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Mussina legendary, not superhuman

Oct. 16, 1997

They needed him to pitch forever. Into extra innings. Into the World Series. Into a never-never land where he would have been saluted for one of the greatest pitching performances in postseason history, not viewed as a tragic hero.

The problem is, Mike Mussina couldn't pitch forever, couldn't wait for runs that never came, couldn't give any more. "How far do you want him go?" Orioles pitching coach Ray Miller asked. Indeed, what more could Mussina have done?

THIS ISN'T BASKETBALL, IN WHICH MICHAEL JORDAN can win playoff games almost by himself. This is baseball, the sport where even the most dominant pitcher needs his teammates to produce. Baseball, the most compelling, heartbreaking, mystifying sport of all.

Mussina allowed one run in 15 innings in the American League Championship Series, struck out 25, allowed only four hits and four walks. It was a performance that linked him with Bob Gibson and Sandy Koufax and all the other October legends. And yet, he couldn't prevent the Orioles from losing twice.

"He pitched two of the greatest games I've ever seen in my 25 years in the game," first base coach John Stearns said yesterday after the Orioles' season ended with a 1-0 loss to Cleveland in 11 innings. "And we couldn't get it done."

Mussina allowed one hit in eight innings yesterday, one hit on three days' rest after a monster 15-strikeout, 120-pitch outing in Game 3. He was still throwing 95 mph in the eighth inning. The Orioles needed him to pitch forever. And then he was done.

It was the proper move after 108 pitches, and Randy Myers followed with two scoreless innings, vindicating manager Davey Johnson. This is baseball, the sport where bullpens are critical. Mussina wasn't going to throw 11 innings on short rest with a chance to go to the World Series, was he?

"What more could he do?" left fielder B. J. Surhoff asked, repeating the question that echoed throughout a sad, quiet clubhouse. "He didn't give up any runs. He gave up one hit. Shoot, he carried us on his back. He was fantastic."

CRIMINAL, THAT'S THE ONLY WORD TO DESCRIBE the Orioles' dismal offensive showing on a day when their star pitcher again reached for greatness. They went 0-for-12 with men in scoring position. They produced only one hit in the final four innings. They were shut out in perhaps the greatest baseball game ever played in Baltimore.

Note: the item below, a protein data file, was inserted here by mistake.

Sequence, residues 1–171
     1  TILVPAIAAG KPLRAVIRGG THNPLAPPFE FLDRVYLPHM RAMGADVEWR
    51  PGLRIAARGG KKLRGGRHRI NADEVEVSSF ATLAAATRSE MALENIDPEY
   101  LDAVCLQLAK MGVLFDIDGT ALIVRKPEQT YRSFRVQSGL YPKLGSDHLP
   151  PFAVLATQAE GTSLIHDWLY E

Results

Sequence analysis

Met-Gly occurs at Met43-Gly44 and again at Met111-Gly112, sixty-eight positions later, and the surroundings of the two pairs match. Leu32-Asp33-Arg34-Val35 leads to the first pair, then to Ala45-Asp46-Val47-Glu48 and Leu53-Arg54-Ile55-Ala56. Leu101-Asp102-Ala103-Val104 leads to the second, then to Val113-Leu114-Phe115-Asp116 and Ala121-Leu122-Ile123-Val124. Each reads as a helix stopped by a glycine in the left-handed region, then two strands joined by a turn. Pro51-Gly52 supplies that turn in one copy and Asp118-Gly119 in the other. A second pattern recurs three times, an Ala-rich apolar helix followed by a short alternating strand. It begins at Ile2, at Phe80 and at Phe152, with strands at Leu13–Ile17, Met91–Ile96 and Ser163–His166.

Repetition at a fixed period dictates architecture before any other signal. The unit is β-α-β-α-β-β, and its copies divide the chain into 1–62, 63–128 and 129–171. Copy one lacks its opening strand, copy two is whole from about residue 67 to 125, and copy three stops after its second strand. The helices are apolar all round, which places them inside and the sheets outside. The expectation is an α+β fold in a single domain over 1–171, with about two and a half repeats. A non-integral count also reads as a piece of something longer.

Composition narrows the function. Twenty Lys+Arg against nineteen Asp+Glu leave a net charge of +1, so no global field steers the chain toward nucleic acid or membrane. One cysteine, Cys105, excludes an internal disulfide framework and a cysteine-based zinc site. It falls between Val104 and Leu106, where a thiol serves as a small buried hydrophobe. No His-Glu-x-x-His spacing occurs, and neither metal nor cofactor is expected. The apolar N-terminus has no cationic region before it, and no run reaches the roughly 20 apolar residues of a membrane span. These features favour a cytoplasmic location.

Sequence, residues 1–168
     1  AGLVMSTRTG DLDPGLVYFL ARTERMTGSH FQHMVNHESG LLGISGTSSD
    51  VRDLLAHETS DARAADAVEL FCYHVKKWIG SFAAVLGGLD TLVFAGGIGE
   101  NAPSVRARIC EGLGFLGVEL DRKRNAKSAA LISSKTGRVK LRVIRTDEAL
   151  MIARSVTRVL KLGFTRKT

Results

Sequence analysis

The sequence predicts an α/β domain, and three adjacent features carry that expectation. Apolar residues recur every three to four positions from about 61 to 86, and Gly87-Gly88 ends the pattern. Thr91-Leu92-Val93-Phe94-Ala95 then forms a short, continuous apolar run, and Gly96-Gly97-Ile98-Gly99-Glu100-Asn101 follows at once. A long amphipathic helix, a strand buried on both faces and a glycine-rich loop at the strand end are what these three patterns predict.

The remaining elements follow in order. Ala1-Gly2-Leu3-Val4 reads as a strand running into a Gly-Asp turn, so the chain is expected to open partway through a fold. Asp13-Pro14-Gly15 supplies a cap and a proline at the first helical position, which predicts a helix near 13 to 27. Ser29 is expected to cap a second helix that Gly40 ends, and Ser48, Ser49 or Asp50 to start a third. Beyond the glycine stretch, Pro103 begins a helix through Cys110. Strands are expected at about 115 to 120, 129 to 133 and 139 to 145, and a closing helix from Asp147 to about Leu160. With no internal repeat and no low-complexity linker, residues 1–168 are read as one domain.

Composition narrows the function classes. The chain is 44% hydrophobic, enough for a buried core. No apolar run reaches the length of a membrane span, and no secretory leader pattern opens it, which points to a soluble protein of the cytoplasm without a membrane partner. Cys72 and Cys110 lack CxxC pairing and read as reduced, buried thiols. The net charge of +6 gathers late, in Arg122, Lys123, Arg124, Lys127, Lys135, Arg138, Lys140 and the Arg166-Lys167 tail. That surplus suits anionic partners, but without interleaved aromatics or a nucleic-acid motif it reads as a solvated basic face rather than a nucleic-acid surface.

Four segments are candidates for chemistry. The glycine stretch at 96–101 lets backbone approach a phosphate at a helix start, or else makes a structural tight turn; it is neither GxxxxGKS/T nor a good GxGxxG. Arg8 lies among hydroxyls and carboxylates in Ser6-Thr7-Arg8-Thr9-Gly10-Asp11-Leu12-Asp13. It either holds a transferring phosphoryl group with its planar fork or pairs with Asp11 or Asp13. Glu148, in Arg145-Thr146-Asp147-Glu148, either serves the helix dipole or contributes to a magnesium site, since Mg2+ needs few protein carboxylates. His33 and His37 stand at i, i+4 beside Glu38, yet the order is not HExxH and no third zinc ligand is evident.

Criminal, absolutely criminal. Mussina's 25 strikeouts broke an LCS record. He also set a postseason record with 41 strikeouts in four starts. Gibson, Tom Seaver and Orel Hershiser shared the previous mark.

Mussina held opponents to a .112 batting average. He finished the postseason with a 1.24 ERA. And yet, he won fewer games in the ALCS than Brian Anderson, the Indians' 11th pitcher.

"The next person who questions Mike Mussina's ability to pitch in big games is going to have to fight me," Miller said.

Rafael Palmeiro went another step, saying: "Moose is the best pitcher in the game."

The crowd bellowed, "Mooo-ooose, Mooo-ooose," throughout the day and into the night, their chants reverberating in the cool autumn air, reaching into every corner of a city yearning for its first World Series since 1983. To think, the season ended without Mussina even getting the standing ovation he deserved.

"I'm not disappointed for him," Brady Anderson said. "I feel great for him. He proved he's truly a great pitcher in this postseason. I'm glad everyone got to see him. If there's one guy I don't feel bad for, it's Mike. In normal circumstances, he's the MVP of this series. He might have been, anyway."

TRUE TO FORM, MUSSINA REFUSED TO DWELL on his personal accomplishments afterward, saying they meant little in light of the team's failure. He entered another realm with his two victories over Randy Johnson and dominance of Cleveland, but he wasn't about to make that argument.

It was a time to reflect, a time to be philosophical.

"I think there's a lot to be said in this game that sometimes, success and failure can be determined by something very small," Mussina said. "Like a solo home run. Or a squeeze bunt. Those are very small things in the big picture. But they can end up being magnified in games like this.

"When you really look at it, we're all just grown men playing a game. And it's supposed to be fun. And I'll always know that even though we didn't win, I enjoyed myself. I enjoyed the crowds. I enjoyed the tension. I enjoyed the games. I enjoyed pitching against Randy Johnson -- one time in their place, when you couldn't hear anything.

"When you go to spring training in February, this is where you want to be. When we went to Fort Lauderdale eight months ago, this is what it was for. So when you're out there, you just need to remind yourself that this is why you played all those months."

He owns the highest winning percentage among active major-league pitchers. He's the rightful heir to a franchise rich in pitching tradition. And still, there's a certain emptiness to his glorious October.

Does it mean something to Mussina to be linked with Gibson and Koufax and all the other postseason legends?

"No," Mussina said. "Those guys usually won."


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